Hispanic population on the rise at BYU


    By Daniel Colton

    The Hispanic population at BYU is growing, and church missionaries may be one of the reasons why.

    “During my mission I had a lot of companions who encouraged me to try to get in to BYU,” Hafid Herrera said.

    Herrera, 23, a freshman from Guadalajara, Mexico, majoring in civil engineering, served a mission in San Antonio, Texas.

    Herrera said not only missionaries talked to him about enrolling at BYU, but also members he came into contact with told him to attend.

    “They felt that it would be a great opportunity for me,” Herrera said.

    In 1975, there were only 46 Spanish Americans who attended BYU, said Janet Rex, information manager for University Communications. By fall semester of 1996, 843 Hispanics attended BYU out of a total of 30,563 students, Rex said. Those students represented 2.8 percent of the total population of BYU.

    In the fall of 2001, the number of Hispanic students had grown to 1,075 out of 32,771 total students, or 3.3 percent of the population, Rex said.

    Michelle Palmer, 28, a senior from El Paso, Texas, majoring in marriage family and student development, said missionaries have an influence on Hispanics coming to BYU.

    “Missionaries are a link to BYU,” Palmer said. Palmer serves as the president for the salsa club.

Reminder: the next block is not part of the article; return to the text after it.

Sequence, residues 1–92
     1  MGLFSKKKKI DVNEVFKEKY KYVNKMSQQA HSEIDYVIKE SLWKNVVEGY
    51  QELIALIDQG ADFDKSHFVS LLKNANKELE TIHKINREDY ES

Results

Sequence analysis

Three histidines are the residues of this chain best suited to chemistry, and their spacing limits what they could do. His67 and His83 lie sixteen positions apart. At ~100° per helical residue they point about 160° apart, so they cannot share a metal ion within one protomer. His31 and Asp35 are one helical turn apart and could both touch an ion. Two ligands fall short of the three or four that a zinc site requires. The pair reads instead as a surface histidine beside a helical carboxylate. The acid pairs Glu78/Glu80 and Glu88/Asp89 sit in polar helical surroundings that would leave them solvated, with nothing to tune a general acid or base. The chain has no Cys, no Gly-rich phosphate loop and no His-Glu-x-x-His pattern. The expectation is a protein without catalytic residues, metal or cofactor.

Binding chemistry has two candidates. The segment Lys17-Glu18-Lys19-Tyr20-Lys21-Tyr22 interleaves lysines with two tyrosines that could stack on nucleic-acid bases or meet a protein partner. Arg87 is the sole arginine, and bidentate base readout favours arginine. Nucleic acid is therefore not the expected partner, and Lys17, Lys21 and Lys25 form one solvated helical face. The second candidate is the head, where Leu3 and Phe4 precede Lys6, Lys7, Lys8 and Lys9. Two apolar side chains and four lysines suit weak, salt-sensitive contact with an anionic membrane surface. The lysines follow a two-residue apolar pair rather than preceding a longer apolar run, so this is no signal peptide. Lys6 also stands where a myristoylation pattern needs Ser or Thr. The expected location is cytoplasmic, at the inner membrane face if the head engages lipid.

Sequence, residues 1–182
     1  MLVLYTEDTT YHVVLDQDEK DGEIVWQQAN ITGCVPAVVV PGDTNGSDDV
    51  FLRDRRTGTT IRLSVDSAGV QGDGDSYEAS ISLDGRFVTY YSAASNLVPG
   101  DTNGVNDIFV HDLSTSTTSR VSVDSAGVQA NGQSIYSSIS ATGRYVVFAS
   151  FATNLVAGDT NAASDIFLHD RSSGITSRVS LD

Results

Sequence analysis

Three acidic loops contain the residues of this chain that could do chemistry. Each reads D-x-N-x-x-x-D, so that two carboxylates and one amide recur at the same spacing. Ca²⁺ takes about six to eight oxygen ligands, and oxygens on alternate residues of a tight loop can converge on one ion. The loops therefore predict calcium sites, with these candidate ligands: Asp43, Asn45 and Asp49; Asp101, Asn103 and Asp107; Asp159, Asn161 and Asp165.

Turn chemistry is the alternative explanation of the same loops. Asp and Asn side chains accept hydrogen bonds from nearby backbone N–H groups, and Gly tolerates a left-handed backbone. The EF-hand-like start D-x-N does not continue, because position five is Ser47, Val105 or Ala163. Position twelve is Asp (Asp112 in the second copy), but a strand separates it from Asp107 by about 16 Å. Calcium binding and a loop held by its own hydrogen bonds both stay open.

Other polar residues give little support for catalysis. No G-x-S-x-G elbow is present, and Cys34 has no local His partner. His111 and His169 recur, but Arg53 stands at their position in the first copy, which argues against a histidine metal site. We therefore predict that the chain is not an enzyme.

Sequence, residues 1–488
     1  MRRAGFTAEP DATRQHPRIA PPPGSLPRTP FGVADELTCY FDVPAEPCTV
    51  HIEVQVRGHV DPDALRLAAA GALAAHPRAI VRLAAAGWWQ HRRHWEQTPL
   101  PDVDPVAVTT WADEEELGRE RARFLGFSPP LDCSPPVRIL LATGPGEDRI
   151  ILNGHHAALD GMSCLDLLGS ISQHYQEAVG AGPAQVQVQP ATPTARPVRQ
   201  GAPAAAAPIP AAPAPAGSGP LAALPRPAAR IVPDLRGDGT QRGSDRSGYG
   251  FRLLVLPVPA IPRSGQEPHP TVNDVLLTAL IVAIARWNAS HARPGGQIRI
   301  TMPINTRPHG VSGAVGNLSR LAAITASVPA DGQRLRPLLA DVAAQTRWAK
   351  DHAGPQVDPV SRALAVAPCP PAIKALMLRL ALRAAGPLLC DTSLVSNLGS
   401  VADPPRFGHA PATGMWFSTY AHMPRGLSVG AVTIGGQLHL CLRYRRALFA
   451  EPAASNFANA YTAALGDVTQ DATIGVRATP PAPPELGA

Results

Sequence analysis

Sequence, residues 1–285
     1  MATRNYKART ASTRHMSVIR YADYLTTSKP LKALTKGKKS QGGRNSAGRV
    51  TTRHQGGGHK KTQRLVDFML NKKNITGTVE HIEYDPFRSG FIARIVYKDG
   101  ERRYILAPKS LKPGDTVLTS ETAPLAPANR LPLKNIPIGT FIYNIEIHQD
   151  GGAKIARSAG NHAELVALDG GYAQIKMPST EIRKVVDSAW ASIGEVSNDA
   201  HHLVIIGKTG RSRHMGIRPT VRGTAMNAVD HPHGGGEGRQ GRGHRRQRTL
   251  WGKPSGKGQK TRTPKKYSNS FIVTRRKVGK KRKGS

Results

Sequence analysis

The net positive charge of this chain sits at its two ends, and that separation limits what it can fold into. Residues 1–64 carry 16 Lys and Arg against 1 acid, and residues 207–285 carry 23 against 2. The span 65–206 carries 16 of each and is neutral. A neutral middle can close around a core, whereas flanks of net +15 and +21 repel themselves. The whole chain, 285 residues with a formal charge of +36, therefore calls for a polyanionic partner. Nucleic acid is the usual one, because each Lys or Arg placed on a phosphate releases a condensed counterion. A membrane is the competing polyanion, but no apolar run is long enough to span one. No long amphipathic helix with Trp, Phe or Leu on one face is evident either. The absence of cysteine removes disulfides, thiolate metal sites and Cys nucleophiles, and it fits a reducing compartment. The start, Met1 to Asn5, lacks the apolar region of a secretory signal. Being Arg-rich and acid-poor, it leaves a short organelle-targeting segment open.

Palmer said she moved around growing up and she could always feel the presence of BYU through missionaries who served in areas where she lived.

    Palmer said many of the missionaries she came into contact with growing up had gone to BYU and encouraged her to do the same.

    Herrera said he thinks most Hispanics feel comfortable at BYU.

    “There is a lot of facilities for international students,” Herrera said.

    Palmer said one misunderstanding people sometimes have of Hispanic people is that they can all speak Spanish. She said she did not speak Spanish until she came to BYU and took some classes to learn the language.

    She said another stereotype Hispanics sometimes receive is that all of them can dance.

    Palmer said many Hispanics spend time together at BYU because of the similarities they have each other.

    “When they find each other, they really stick together,” said Palmer.

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